In doing the research for this story, I realized the question is not how to choose time-tracking software, but rather the difficulties with choosing time-tracking software. I’ve never had to evaluate a specific type of software like this, so as with everything else in life, I asked Mr. Google a bunch of questions.
Before we get into why this was a difficult problem to figure out, let’s go back a bit. Way back. Did you ever work at a store or restaurant in high school where you had to clock your hours on a punch card?
This may look familiar. It’s pretty amazing that this technology is still being used today. But for knowledge workers, time-tracking software is more convenient and easier for management to track hours worked.
At my first job in 2007, I used a version of Kronos’ time-tracking software that involved entering your hours in little boxes. There was an online interface so I could open the tool in the browser, but the tool was severely lacking in functionality. I typically logged the same hours every week and wish there was a way to use a template of sorts to log my hours. Unfortunately, I had to copy and paste my start time, and time, lunch period, etc. box by box, week by week.
There should’ve been a separate time tracker just for the time I spent copying and pasting into this software.
Why did my employer pick this software for time-tracking? Was it part of some bigger software platform where we already had a license? Why couldn’t this just be done in spreadsheets?
If you Google “time-tracking software,” you’ll see search results like this:
Lot of ads, of course, but the first organic results are companies offering “free” time-tracking software. Going to every single link and reading about the company, pricing, etc. seems like a big waste of time if I just want the best time-tracking software that fits my business and my needs. What are some strategies for picking the “right” software?
- Getting a referral from a friend (probably the best strategy)
- Browsing B2B product comparison sites and blog posts (if you scroll down on the search results you’ll see sites like G2 Crowd and PC Mag that do a good job of this)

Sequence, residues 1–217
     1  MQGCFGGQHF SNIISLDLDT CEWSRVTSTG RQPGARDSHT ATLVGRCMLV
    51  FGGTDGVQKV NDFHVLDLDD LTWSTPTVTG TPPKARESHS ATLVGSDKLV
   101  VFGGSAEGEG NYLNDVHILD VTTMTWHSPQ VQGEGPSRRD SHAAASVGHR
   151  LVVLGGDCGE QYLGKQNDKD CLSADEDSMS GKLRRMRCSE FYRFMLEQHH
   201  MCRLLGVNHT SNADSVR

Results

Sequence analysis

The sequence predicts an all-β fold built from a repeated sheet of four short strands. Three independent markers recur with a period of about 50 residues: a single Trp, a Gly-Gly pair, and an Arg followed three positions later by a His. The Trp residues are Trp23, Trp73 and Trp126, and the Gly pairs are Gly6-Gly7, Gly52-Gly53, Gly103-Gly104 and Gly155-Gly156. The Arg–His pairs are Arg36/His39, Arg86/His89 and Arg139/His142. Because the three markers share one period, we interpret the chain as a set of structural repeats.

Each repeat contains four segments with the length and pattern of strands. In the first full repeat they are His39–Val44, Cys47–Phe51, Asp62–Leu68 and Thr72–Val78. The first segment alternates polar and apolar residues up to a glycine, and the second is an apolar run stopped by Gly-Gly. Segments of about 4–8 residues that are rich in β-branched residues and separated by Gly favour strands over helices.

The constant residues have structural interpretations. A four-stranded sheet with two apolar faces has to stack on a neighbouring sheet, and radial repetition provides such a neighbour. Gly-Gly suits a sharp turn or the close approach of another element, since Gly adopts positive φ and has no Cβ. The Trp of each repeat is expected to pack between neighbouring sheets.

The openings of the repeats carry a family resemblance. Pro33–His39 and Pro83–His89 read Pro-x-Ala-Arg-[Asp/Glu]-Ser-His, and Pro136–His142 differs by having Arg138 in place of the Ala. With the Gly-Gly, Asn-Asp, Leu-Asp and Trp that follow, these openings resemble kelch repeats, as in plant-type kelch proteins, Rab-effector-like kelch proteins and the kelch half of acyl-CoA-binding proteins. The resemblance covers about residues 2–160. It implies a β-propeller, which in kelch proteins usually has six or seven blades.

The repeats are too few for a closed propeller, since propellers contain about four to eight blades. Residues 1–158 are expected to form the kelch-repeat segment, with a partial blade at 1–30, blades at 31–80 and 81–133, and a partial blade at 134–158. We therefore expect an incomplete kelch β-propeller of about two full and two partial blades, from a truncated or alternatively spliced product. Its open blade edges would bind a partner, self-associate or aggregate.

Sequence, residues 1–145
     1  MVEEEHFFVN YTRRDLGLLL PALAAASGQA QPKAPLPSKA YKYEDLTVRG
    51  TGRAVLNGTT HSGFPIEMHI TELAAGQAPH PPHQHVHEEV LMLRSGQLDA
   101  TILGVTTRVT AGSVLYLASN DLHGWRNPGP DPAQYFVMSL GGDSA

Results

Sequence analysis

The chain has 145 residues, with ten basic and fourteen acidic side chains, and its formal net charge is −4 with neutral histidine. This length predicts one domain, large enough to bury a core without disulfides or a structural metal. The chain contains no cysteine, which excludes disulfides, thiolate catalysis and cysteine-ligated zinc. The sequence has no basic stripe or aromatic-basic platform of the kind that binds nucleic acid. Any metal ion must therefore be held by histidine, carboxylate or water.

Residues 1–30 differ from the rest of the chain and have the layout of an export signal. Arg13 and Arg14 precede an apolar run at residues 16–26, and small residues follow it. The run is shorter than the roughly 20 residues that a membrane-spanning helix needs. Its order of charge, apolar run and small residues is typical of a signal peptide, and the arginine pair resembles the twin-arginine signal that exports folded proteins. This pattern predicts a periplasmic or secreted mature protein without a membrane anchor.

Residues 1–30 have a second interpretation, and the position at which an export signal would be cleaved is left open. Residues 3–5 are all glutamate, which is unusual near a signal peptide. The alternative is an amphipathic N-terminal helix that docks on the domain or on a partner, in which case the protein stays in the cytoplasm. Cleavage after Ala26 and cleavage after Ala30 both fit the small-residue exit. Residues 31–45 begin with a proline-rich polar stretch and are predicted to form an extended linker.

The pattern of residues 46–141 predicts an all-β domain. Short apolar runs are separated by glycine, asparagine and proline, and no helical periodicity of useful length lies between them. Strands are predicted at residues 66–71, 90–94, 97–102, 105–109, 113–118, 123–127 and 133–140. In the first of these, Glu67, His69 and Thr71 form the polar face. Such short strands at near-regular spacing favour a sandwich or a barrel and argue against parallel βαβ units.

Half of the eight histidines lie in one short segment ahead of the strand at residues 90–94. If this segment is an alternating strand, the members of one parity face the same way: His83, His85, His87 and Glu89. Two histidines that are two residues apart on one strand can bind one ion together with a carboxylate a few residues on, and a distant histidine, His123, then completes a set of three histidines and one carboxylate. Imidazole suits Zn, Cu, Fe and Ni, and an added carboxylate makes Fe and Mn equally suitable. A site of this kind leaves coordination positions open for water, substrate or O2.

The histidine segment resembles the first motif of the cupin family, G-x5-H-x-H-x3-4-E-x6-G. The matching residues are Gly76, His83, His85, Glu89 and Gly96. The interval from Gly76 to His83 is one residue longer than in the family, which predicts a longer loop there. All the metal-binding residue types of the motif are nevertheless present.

- Talking to someone one the phone from one of these companies (ugh.)
If we revisit the original software I used from 2007 (Kronos), you’ll notice their website has spruced up quite a bit making me feel like the software has been updated too:
Unlike some of the “free” time tracking tools, Kronos doesn’t have any link to pricing and instead requires you to schedule a demo with a salesperson or putting in your e-mail just to see an online demo. As a small-business owner (who this Kronos site is directed to), do I have the time to sit through a sales call just to learn the pricing of the product? Again, I just want a piece of software that fits my business and my needs.
Having done SaaS sales and business development before, I’ve found that requiring a potential small business customer to get on the phone to hear your pitch can backfire. If the potential customer is a large customer, you are now thinking, perhaps they have deep pockets and I can charge a different rate than what I would offer a small business. In today’s digital world, I believe customers large and small value transparency and predictability, which is why I think having the pricing on your website goes a long way with building trust with your potential customers.